Me too. It's an adaptation of the 6-element Sonnar design, same as the Jupiter-8; the 50/1.4 Nikkor is a version of the 7-element Sonnar, but quite a bit more expensive. I think the situation is the same with the Canon 50mm lenses---one of each Sonnar "flavor".

    In my experience, the 50/2 Nikkor is a nice, workmanlike lens, quite respectably sharp but not Summicron-sharp, with a pretty neutral character. It tends to get out of the way and let you take the photo you see. Very good bang for the buck, even if the aperture ring *is* backwards.

    -NT
    Nathan Tenny
    San Diego, CA, USA

    The lady of the house has to be a pretty swell sort of person to put up with the annoyance of a photographer.
    -The Little Technical Library, _Developing, Printing, And Enlarging_

  7. #7

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    I hadn't actually considered the Nikkor lenses, but if the 50mm f2f.0 is in my price range, I would definitely consider it. I have that lens on my Nikkormat FT2, and I've really liked it.

    And I appreciate the suggestions to look into the Canon lenses, too. Should I look at the Canon named lenses only, or are the Serenars okay to consider?

  8. #8

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    The Canon 50/1.8 is probably your first best choice, but it's going to be at the top of your price range or beyond unless you get lucky. Canon and Serenar lenses are optically identical.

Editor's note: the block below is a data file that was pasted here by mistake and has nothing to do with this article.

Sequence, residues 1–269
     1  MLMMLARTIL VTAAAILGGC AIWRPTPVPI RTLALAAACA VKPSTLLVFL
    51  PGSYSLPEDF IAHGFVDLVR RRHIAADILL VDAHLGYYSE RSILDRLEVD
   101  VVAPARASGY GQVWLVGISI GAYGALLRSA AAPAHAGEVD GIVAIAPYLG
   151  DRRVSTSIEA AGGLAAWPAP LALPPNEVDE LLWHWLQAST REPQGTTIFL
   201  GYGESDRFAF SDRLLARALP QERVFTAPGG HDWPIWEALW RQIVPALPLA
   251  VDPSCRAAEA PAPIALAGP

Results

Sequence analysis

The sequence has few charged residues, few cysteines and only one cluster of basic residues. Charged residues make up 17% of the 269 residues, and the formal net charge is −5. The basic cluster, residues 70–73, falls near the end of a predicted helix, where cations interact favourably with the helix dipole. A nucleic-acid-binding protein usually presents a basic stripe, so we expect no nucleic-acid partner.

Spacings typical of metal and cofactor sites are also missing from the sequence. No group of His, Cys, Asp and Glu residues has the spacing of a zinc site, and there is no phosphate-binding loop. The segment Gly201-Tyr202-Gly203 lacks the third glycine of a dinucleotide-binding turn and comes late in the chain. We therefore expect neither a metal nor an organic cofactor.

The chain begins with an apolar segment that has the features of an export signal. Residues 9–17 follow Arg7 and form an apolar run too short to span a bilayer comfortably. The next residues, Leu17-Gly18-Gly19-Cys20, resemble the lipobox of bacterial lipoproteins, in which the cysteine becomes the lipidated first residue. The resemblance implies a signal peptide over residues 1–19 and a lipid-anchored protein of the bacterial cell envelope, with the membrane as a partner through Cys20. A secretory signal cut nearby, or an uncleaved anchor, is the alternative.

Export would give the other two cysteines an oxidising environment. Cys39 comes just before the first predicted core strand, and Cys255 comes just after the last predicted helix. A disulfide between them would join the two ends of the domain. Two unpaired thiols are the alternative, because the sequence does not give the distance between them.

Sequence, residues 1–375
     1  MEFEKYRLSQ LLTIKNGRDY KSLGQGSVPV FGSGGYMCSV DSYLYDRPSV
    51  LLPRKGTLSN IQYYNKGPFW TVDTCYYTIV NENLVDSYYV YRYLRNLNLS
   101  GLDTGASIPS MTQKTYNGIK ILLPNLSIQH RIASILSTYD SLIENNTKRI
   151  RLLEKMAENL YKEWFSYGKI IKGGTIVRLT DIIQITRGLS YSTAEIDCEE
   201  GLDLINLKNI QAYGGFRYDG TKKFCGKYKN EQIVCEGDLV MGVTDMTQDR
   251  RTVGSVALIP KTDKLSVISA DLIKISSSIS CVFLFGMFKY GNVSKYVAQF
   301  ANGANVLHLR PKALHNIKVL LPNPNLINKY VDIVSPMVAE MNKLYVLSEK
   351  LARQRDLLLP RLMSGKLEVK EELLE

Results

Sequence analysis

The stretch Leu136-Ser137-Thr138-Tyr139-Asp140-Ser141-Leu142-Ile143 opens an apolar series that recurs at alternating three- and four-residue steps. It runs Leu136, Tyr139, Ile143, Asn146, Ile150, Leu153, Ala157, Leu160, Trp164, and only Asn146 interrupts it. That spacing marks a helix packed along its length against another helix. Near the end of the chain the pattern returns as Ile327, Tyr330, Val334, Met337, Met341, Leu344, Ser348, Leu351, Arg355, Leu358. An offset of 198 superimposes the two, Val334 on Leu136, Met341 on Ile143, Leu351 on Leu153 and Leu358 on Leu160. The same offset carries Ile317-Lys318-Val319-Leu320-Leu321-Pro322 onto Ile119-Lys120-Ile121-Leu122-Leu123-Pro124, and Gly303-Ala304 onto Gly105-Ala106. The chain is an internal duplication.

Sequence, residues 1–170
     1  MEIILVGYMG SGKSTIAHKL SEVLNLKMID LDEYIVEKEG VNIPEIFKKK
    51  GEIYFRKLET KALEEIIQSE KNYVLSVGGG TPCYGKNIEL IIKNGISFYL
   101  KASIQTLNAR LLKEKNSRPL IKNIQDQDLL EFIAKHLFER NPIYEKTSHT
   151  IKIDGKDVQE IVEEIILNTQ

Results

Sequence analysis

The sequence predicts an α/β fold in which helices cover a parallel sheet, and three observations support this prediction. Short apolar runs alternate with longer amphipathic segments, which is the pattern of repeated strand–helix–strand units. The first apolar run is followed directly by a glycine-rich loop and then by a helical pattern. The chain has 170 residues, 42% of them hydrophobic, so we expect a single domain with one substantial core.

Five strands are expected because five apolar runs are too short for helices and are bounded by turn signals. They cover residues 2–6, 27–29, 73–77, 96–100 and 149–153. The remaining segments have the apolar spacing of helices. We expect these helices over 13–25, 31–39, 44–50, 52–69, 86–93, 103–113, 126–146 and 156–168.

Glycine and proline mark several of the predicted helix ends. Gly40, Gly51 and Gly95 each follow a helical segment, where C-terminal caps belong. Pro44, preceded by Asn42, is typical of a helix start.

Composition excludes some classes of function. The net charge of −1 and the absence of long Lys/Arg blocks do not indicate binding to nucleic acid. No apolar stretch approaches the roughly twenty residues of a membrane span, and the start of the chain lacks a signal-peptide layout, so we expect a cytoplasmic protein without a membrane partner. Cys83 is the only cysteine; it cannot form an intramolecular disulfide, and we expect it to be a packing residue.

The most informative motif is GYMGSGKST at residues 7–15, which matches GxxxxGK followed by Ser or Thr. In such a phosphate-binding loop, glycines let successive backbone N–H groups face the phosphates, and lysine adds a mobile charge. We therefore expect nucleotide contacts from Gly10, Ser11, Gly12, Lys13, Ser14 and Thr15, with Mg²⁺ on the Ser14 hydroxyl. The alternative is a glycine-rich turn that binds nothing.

FWIW, I happily used a Jupiter-8 on my Canon P for a while before I got a Canon 50/1.5. Buying from a reliable seller (Fedka is one that has an excellent reputation) should ensure you get a good one. The discrepancy between the Leica standard and the Soviet (Contax) standard (described well by Dante Stella - worth reading if you haven't already) is very minor; on an f/2 lens like the J-8 you will likely never even notice it, and if you do it will only be wide open and close up. Within your desired price range, the Jupiter-8 is what I'd go for (and I did).
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  9. #9
    Fixcinater's Avatar
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    I'd recommend getting a good (read: as deep/big as practical/possible) for any lens you end up with. Arguably will make as much of a difference as changing lenses.

    If you mostly shoot stopped down, look at the Industars, some folks say they are sharper than the Jupiters and go for even cheaper, plus they have aperture click stops. 52/53mm f/2.8, the L/D version has lanthanum glass for even better performance. I had a regular I-61 on my first RF, a Fed 3b and the J-8 I have now does nothing better except f/2.0.

  10. #10
    Newt_on_Swings's Avatar
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    The 50mm 1.8 is a good buy as others have said. The general internet reviews point to the black barrel version being the sharpest but I think the chrome serenar does just as well and looks great with bw film. If you want a summitar look the 50mm 1.9 is a very close version to it. Collapsible as well but it won't fit into your P all the way. Also unlike the summitar the coating is harder and you can find versions with the front elements in much better condition. I like both, the 1.8 is sharper wide open and more contrasty the 1.9 is softer with lower contrast and smooth tones.